It will need to go into the greenhouse again but wow, what flowering!
Otherwise it’s pretty normal summer flowering for us.
The Allium are flowering in a couple of places
The Crepe Myrtle is finally in flower for the season
the Cestrum has recovered from its winter dieback
And the Crinum is showing its numerous hanging flowers
In the vegetable/cutting garden the Glads have yielded abundantly
and the Tithonia and Sunflowers are ten foot tall at least.
In the greenhouse there are multiple pots of Cyrtanthus in flower
as well as a particularly nice Sinningia
If we weren’t so busy picking fruits and vegetables I might actually finish weeding the greenhouse:)
Oh, I should mention that my excuse for missing last month’s posting was a trip to California where we relived our youth by driving down the California Coast.
It was a wonderful trip…
It’s Garden Blogger’s Bloom Day as we move securely into the Fall. The leaves are changing but we see no signs of lower temperatures in Maryland as yet.
The Amarine above is a first time bloomer for me, but comes with a little background. I bought it just this Fall from Quackin’ Grass Nursery and then as it was coming into bloom I discovered that I had another one that I had bought from the same place this Spring. No sooner did I put those two in the ground but I then found that I had bought a smaller bulb of that plant from Rare Plants back in 2017 and it too was now coming into bloom (for the first time). So apparently this plant is consistently appealing to me. It is a hybrid between Amaryllis belladonna and Nerine bowdenii. It’s somewhat questionable whether it will be hardy for me here in zone 7 (Nerines would not normally be hardy here), but I have planted two of them and we shall see.
Since it’s related I should mention that Nerine sarniensis (from the Greenhouse) is also flowering now bearing out my continuing interest in Nerines.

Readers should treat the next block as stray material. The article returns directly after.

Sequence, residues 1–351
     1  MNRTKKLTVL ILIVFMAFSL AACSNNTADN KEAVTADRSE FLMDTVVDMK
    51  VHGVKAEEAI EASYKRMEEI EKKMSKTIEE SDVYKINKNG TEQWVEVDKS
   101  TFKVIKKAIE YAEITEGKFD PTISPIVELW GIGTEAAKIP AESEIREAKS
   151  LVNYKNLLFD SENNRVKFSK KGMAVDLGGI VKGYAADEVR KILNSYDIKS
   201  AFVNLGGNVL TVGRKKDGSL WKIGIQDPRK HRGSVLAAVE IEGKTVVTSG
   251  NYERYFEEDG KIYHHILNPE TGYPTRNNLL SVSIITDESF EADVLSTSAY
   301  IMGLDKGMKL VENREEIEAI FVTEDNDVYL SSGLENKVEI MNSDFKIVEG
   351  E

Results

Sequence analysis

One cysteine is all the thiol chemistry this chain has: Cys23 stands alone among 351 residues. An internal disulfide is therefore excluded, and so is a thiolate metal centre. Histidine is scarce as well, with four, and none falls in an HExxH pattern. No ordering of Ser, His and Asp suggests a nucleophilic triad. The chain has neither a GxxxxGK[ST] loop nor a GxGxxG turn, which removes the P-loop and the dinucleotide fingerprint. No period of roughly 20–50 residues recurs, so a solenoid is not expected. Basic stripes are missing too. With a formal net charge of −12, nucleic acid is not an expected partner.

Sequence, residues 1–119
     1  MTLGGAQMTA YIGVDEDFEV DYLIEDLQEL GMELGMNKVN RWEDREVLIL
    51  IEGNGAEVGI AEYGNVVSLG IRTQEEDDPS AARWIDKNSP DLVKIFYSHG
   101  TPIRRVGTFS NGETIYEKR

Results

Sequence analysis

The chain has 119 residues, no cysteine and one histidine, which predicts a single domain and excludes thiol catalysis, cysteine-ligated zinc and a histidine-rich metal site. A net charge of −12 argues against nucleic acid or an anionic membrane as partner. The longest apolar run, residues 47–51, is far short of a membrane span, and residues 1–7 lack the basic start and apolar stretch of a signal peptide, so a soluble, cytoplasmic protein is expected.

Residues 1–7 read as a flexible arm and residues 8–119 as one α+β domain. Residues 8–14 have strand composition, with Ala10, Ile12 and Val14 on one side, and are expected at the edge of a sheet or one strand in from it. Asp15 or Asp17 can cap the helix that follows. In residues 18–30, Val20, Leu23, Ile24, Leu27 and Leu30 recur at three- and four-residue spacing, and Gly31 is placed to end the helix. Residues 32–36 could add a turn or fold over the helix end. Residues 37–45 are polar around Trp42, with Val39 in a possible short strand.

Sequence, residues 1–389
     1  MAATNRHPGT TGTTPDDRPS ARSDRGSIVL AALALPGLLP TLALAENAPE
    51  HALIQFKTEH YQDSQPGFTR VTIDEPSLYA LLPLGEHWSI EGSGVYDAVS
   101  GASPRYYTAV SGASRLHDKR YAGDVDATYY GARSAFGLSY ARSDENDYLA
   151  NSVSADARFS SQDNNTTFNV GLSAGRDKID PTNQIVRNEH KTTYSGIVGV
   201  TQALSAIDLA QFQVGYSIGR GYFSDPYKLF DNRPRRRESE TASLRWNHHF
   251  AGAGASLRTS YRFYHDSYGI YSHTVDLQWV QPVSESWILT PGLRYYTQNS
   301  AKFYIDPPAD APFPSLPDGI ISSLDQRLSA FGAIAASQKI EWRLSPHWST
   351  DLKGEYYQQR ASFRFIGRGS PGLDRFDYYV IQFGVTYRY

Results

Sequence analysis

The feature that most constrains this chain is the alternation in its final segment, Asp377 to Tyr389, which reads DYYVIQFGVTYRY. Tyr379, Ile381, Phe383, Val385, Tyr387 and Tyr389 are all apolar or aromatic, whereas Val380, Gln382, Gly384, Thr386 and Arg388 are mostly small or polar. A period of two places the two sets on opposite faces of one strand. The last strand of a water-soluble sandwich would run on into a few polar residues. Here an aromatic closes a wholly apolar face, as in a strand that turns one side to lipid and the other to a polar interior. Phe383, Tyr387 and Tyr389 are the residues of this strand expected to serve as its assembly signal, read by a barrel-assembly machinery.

The above picture is from the kitchen and right nearby is a bowl full of vegetables showing the wonderful bounty from this year.
We’ve also had a lot of pears that we are still enjoying for dinners and desserts. And the raspberries are still making their appearance.
The flowers outside still have a lot of the same participants that we’ve had for the past few months.
In addition there are a few new faces on the Fall horizon
In addition I thought it was interesting to note that I completely missed the start of flowering for the fall camellias.
There are lots of buds on these and other Camellias so I need to pay more attention. And similarly I’ll end by paying attention to the many oxalis showing up in the greenhouse now.
Finally all summer long we’ve a beautiful showing of flowers from the potted plectranthus.
I’ll need to find a place in the greenhouse for a part of this plant over the winter.
It’s Garden Blogger’s Bloom Day for the middle of the summer. Our garden is like many at this time of year. Mostly annuals, crepe myrtles, and the last of the lilies dominate.
There are a few flowers worth noting. The Cestrum ‘Orange Peel’ has returned from it’s winter dormancy and will bloom until late fall.
We have a lot of annuals in the picking garden as well as the glads and dahlias.
The annuals and shrub flowers are great for attracting insects and birds, many of them very photogenic. I was struck by this little bluebird overlooking the garden.
The butterflies and other insects are striking.
August is also prime time for harvesting
There are many things blooming at this time of year, but none more assertively demands the attention of your senses than the large oriental lilies. There are other flowers for Garden Blogger’s Bloom day, but i’m going to focus on the lilies.
First and foremost is Anastasia which is so tall and has so many flowers that it is a major task to keep it upright each year. This year we were late so the flowers are bound together in a way that makes them hard to pick. Nonetheless Beth managed to put some on the fireplace.
The last carryover from some of the species lilies was this very special hybrid from lilium henryi.
But most of the focus is on the orientals right now.
This last one sits next to Lilium ‘Casablanca’ but is clearly not the same. It’s twins are in other parts of the same bed, but in the center not way over to the edge where this one’s 6 foot tall flower is way out of size. Is this ‘Time Out’? If so my other ‘Time Out’ is quite different with the yellow suffused, not in a stripe. I’ll have to buy more lilies to sort out the difference…
Another instance of a lily not being where I put it is this Scheherezade.
It sits across the garden pathway from where the main clump of scheherazade was located. I say was, because this spring the gardener, in a fit of unusual weeding activity broke the stem off the main clump of the Lilium ‘Scheherazade’.
Back in the house again the Stargazer lilies got removed before I could photograph them outside.